Frequently the rear of an angle plate being used on the milling machine will be left
by the manufacturer in its as-cast condition. If the rear is very rough, Sk.3 A,
then ere on the side of caution and find another method of clamping the part. If
however the rear is relatively flat then with care it may provide a suitable face
on which the clamp can sit, see Sk. 3 B. Actually, a thin piece of soft copper under
the jaw, say 0.5mm to 1.0mm thick, will help to accommodate very small discrepancies.
Clamping onto a curved surface can be acceptable, but again only in carefully chosen
cases. Sk.4 shows one definite no (A) and two possible's (B and C). Of course, being
suitable or not suitable will depend on the applications and the number of clamps
being used. For example, attempting to mill a flat on the round bar in Sk.4 A would
without doubt be a foolish task to undertake. If though you were only marking out
the position of the flat using a height gauge on the surface plate then there should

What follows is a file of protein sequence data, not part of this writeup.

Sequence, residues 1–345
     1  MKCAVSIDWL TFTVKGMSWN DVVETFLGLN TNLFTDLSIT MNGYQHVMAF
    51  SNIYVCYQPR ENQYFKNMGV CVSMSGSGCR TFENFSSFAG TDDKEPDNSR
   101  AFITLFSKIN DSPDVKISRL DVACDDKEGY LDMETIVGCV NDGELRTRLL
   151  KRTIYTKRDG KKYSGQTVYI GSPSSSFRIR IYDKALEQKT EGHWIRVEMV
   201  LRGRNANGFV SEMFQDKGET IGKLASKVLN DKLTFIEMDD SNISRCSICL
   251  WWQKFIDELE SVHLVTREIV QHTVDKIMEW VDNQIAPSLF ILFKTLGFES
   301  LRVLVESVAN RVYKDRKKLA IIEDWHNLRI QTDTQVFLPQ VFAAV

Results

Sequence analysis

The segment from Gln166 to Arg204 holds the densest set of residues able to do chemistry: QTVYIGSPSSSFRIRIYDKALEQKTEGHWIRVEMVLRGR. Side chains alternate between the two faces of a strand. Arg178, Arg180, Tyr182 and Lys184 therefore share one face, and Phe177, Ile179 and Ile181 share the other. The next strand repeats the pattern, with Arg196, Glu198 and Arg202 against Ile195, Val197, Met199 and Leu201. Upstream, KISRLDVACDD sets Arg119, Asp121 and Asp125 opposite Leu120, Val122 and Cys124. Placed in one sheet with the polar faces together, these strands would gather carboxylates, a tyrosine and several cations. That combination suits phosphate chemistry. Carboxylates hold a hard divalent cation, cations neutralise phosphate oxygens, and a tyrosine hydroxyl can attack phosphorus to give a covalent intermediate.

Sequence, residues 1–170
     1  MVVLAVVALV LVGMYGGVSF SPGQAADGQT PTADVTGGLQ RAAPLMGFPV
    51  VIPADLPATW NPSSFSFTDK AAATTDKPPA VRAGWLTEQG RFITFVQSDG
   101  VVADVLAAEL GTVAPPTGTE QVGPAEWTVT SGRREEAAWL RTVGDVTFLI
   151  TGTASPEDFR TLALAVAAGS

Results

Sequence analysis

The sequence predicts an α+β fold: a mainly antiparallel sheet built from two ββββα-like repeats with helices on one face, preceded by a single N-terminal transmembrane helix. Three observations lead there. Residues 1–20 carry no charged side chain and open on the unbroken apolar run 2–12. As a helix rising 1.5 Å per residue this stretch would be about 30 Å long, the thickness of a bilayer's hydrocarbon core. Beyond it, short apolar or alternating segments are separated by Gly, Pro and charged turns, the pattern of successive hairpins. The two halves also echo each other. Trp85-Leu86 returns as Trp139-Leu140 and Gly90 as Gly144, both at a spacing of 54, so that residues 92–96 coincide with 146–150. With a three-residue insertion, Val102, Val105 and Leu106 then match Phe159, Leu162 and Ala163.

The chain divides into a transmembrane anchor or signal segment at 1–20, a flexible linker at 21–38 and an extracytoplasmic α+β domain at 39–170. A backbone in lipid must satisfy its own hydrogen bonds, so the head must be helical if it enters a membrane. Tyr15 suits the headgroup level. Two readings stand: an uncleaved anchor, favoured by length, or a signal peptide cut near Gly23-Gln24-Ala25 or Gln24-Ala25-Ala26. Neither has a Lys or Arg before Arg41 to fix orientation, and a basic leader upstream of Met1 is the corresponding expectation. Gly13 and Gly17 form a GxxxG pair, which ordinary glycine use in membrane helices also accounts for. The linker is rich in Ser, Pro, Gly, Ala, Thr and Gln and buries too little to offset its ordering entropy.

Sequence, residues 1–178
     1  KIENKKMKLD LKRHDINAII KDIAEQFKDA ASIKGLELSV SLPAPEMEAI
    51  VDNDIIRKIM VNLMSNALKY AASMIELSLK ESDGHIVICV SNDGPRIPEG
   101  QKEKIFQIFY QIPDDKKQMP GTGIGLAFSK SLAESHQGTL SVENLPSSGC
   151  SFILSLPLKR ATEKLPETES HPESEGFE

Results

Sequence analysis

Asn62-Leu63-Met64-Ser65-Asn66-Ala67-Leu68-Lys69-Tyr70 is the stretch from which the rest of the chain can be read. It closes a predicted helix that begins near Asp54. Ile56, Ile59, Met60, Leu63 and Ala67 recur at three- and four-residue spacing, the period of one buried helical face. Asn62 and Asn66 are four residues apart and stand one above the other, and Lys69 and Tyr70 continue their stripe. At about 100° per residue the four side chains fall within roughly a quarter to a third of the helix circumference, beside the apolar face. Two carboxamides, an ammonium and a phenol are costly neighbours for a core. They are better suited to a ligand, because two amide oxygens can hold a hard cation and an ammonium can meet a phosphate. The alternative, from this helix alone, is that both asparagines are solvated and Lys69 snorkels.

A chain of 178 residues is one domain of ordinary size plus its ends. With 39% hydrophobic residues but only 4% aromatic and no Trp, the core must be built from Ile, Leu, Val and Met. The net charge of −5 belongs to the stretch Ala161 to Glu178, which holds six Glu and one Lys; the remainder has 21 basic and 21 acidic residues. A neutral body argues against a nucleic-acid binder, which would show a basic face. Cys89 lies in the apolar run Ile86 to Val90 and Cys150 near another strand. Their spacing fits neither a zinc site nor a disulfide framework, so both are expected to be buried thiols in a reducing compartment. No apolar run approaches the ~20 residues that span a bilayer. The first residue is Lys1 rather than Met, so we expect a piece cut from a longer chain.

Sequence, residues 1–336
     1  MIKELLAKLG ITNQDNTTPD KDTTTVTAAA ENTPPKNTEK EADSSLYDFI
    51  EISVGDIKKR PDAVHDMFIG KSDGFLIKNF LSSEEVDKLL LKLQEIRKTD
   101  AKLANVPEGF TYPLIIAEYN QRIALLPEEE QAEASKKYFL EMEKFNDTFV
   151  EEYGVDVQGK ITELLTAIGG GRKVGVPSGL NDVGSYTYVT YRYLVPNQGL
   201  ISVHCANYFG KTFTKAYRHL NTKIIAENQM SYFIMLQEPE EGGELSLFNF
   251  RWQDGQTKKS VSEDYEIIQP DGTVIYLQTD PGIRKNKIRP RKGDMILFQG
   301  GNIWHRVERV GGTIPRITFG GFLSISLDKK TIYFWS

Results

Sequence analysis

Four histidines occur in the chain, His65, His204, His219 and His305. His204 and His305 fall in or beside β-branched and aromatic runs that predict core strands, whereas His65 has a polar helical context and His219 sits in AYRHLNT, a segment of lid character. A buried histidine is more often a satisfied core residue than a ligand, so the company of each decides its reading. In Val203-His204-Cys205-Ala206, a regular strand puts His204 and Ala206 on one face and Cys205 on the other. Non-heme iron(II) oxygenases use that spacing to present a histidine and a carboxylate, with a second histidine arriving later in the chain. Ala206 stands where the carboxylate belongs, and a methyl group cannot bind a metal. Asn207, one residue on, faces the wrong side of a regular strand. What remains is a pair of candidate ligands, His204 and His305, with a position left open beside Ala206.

be no problem if the clamp was carefully set. You do need to consider the application
Used for Milling
I remember reading a letter from a magazine reader who considered it was bad practice
to use toolmakers clamps on a machine tool, particularly a milling machine, and that
such a situation should not have been shown in the magazine. Whilst I do not agree
with the comment I do agree that there is considerable potential for disaster if
not used with care and in accordance with the above described setting methods.
Photograph 3 shows a casting being lightly surfaced whilst being held using two toolmakers
clamps between two angle plates. Both angle plates are machined on their inside and
outside faces providing a perfect face for the clamp to mate with. However, the left
hand clamp is mating with the rough face of the casting as should be apparent. The
casting was acceptably flat at this point so there was nothing to be concerned about.
Also, almost the whole length of the jaw is in contact with the casting, worth attempting
in any set-up.
The right hand end of the casting has a steel plate attached, being part of the final
assembly, and the smaller clamp is clamping this to the right hand angle plate. I
think the reader will appreciate that this set-up using toolmakers clamps was much
easier to establish than one using other forms of workpiece clamp. Admittedly, the
casting was only being lightly surfaced but I see no reason why the set-up would
not be acceptable for heavier cuts. In any case, there was room for a second clamp
at each end and as I often say with all forms of clamping, one too many will not
cause a problem, one too few most certainly will.